Representative VINSON. Yes; I wish to file a statement but I will not take up the time.
The CHAIRMAN. The statement will be put in the record at this point.
(Statement filed by the Hon. Carl Vinson, Representative in Congress from the 6th Congressional District of Georgia.)
Mr. Chairman and gentlemen of the Senate Committee on Agriculture and Forestry, welcome to the great State of Georgia and to the congressional district which I have the honor of serving.
I personally am proud to see you here, for I feel deeply that only by bringing the Government to the people as you are doing by having your hearings over the Nation, to hear directly what our farmers have to say, only by such a fundamentally democratic process, will we ever remedy the agriculture problem.
Only in this way will we be able to improve our farm program, from the grassroots up; and only thus can we avoid the catastrophe of another depression in the fields and farmsteads of America.
All of you know that my major assignment in the Congress of the United States is with the defense of the Nation. But, being a farmer myself, and representing one of the greatest agricultural areas of the State of Georgia, I have a deep and abiding interest in the welfare of our farmers and their families.
Therefore, in welcoming you here among my home people, permit me to speak briefly to emphasize the plight of agriculture of this section, and humbly to suggest some remedies.
The most urgent, the most pressing concern of our Nation's domestic affairs today is the growing distress among our farm people who are caught in a cruel cost-price squeeze at the very time that every other major segment of our economy is booming as never before.
In your long journeys you have seen it. Hard times are again creeping onto our farms. Obvious to all of us is the frightening parallel to what happened to agriculture in the years immediately ahead of the great depression of the 1930's. The situation is a menace to the welfare of the Nation itself. Look at what is happening: The average of farm prices is down 26 percent since February 1951.
Farm operating costs remain near their record high. In fact the October report showed they again are on the increase.
Net farm income in 1954 was 31 percent below 1947 and 10 percent below 1953. The downward slide continues unchecked, with another 5- to 10-percent drop indicated in 1955.
The parity ratio in October was at 82 percent, down from 87 percent in October of last year, and at the lowest point since depression days. Farm dept is increasing. The value of agricultural assets has declined over $10 billion. Farmers purchasing power, in terms of 1935–39 dollars, is the lowest since 1940. Hog prices have dropped 25 percent since October of 1952, and now are at the lowest since 1942. Cattle prices are down 33 percent since 1952.
We in the South and Georgia are alarmed to hear that, unless Congress acts, the support price on cotton in 1956 may drop from 90 percent of parity down to 80 percent.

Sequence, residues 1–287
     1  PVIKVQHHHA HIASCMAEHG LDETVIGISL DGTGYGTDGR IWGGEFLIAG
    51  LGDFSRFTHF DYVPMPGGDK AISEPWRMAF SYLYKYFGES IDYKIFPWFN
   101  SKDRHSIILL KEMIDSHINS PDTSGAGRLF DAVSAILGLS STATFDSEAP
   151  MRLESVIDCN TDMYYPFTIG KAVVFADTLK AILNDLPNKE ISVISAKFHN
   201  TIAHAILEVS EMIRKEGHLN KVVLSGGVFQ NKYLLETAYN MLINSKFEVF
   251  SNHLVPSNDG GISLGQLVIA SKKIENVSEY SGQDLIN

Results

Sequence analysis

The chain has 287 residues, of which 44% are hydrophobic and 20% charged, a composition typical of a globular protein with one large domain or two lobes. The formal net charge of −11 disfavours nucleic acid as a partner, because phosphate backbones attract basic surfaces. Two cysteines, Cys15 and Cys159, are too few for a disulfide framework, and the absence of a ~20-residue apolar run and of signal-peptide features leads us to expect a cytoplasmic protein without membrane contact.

What does all this mean?
We have only the past to guide us. And in looking back we see danger signals flying.
There are many of us here who can remember the late 1920's when agriculture went into a price tailspin. Our farmers called for help. But the rest of the economy—then as today-was running at boom proportions. The farmers' cries scarcely were heard.
Inevitably, the ruin of agriculture began to clap like thunder over the Nation. Our whole economy tumbled into the great depression.
It was only then that this country came-belatedly—to a realization of the importance of the prosperity of agriculture to the strength and health of the whole economy. It took a near fatal catastrophe to bring this to pass.
That was when our farm program was born, 22 years ago.
You know that the income of agriculture, in this program and with the enlarged markets of the war and postwar eras, multiplied 6, 7, or 8 times. You know that the cash receipts of all farmers were only $4,735 million in 1932, but had risen to $32,693 million in 1952. Look at what happened in Georgia during those years. Georgia farmers took in from all marketings in 1932 only $68,546,000. In 1952 Georgia farmers received $649,199,000.
You know the great market that better farm income has created throughout the country, for the sale of things that are produced in the towns throughout the country, for the sale of things that are produced in the towns and cities.
You know that this has made jobs and has kept factory wheels turning. You know that rural people have been able to buy the conveniences and comforts hitherto available only to homes in the cities and towns.
You know that farmers have been financially able to mechanize their farms and apply the new sciences and more and improved plant food, to bring the blessings of abundance at low cost to their country. You know how farmers with the means to do it, have devoted their resources and energies to the restoration and conservation of our most precious resource--the soil.
In these years, since the farm program came into being, the output per farmer has increased by more than 50 percent. And the farmers' customers in the cities are getting more and better food today for a smaller part of their earnings than at any previous period in history.